Some grocery chains say they’ll need to layoff workers if forced to shell out hazard pay
Last week, the New York City Council introduced sweeping legislation, which among other things would ensure grocery stores with more than 100 employees would have to pay their workers extra during the COVID-19 pandemic as a type of hazard pay. But some grocery chains in NYC say they are worried that they will be forced to layoff workers and close stores if the proposed legislation becomes law, the Real Deal reports.
The legislation would require employers to pay hourly workers $30 for shifts under four hours, $60 for shifts that go between four and eight hours, and $75 for shifts that last longer than that. Companies like Morton Williams and D’Agostino tell TRD that this will decimate their already thin margins due to high NYC rent and competition from national chains like Trader Joe’s and Whole Foods.
Morton Williams owner Avi Kaner tells TRD he would have to close at least half his 16 stores, and D’Agostino owner Nicholas D’Agostino says the law — if passed — would be an additional financial burden for his 11 stores, which are already spending extra cash on protective equipment for employees including masks and gloves. While there are growing calls from grocery store workers for hazard pay, these local chains say they have reached internal agreements with their own employees, including an additional $2 per hour for each worker.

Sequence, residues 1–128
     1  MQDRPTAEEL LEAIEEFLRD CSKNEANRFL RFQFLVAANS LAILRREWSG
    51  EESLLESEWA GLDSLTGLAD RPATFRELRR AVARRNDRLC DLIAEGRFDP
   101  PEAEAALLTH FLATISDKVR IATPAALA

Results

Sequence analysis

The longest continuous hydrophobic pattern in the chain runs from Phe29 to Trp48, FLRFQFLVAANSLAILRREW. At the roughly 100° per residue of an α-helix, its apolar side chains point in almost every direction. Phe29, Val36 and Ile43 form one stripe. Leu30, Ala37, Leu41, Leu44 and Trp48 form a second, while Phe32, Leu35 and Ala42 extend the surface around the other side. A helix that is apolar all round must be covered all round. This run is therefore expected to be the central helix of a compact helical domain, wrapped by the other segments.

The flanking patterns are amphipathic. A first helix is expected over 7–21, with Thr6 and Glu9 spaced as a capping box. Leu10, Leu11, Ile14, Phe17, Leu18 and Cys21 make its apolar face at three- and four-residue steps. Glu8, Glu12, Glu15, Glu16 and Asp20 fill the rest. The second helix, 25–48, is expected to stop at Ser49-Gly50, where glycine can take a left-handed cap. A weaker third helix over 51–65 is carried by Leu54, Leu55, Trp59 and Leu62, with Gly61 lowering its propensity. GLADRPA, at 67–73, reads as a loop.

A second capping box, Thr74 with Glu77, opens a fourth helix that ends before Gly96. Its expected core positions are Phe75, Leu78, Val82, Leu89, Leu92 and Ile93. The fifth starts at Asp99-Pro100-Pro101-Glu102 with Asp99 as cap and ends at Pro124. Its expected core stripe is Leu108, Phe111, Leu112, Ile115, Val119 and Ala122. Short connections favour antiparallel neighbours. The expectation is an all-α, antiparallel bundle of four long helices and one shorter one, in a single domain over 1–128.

In other news
— While Sweetgreen and Potbelly became the latest chains to return their $10 million federal small business loans, the same can’t be said for high-end Italian market chain Eataly. The market — which has dozens of locations across the world — collected a $10 million loan for small businesses.
— Gov. Andrew Cuomo recently outlined a rough plan for re-opening New York after the current May 15 shutdown deadline. Restaurants don’t seem to figure in the initial round of gradual re-openings, but construction and manufacturing businesses will be.
— A new cookbook that celebrates and shares recipes from some of NYC’s top restaurants including Olmsted, Llama Inn, and Charlie Bird is now available for pre-sale. Proceeds go to the restaurant relief group ROAR.
— Online magazine Punch’s a virtual happy hour will next feature NYC bartenders like Sarah Morrissey from Ernesto’s and Jelani Johnson from Gage & Tollner. Attendees are encouraged to donate to the restaurant’s employee relief funds during the happy hour.
— A third of NYC’s food pantries have closed since the start of the COVID-19 pandemic, prompting longer lines at open ones.
— Chobani converted its cafe in Soho into a temporary food pantry last week, according to a spokesperson. The store is distributing Chobani products for free to people in the neighborhood.
— Meat wholesaler DeBragga launched a local delivery site featuring customizable butcher kits.
— COVID-19 and the resultant shutdown of New York will reportedly cost the state $243 billion in economic losses.
— A food importer in Queens has donated more than 20,000 pineapples to various food pantries in Brooklyn.
— Several wine stores across the city have seen an uptick in sales, but New Yorkers are mainly stick to buying cheaper wines.
— East Village Ukranian staple Veselka may be reopening soon for takeout and delivery.
— Hard agree: